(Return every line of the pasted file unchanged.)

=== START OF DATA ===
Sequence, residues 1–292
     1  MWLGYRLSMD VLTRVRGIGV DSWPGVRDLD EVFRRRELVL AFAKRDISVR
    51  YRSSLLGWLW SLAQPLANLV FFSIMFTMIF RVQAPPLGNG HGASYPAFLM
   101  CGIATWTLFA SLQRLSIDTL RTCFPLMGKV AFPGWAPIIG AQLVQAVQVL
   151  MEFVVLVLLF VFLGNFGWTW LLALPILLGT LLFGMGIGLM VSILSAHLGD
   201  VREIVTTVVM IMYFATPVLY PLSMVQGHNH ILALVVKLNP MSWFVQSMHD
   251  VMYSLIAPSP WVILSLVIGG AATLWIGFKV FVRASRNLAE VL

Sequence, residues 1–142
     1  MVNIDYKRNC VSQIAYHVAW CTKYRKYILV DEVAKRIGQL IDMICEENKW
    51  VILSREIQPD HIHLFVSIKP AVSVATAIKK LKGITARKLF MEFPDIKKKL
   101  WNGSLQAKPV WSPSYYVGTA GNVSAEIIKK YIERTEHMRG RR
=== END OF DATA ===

Sequence, residues 1–292
     1  MWLGYRLSMD VLTRVRGIGV DSWPGVRDLD EVFRRRELVL AFAKRDISVR
    51  YRSSLLGWLW SLAQPLANLV FFSIMFTMIF RVQAPPLGNG HGASYPAFLM
   101  CGIATWTLFA SLQRLSIDTL RTCFPLMGKV AFPGWAPIIG AQLVQAVQVL
   151  MEFVVLVLLF VFLGNFGWTW LLALPILLGT LLFGMGIGLM VSILSAHLGD
   201  VREIVTTVVM IMYFATPVLY PLSMVQGHNH ILALVVKLNP MSWFVQSMHD
   251  VMYSLIAPSP WVILSLVIGG AATLWIGFKV FVRASRNLAE VL

Sequence, residues 1–142
     1  MVNIDYKRNC VSQIAYHVAW CTKYRKYILV DEVAKRIGQL IDMICEENKW
    51  VILSREIQPD HIHLFVSIKP AVSVATAIKK LKGITARKLF MEFPDIKKKL
   101  WNGSLQAKPV WSPSYYVGTA GNVSAEIIKK YIERTEHMRG RR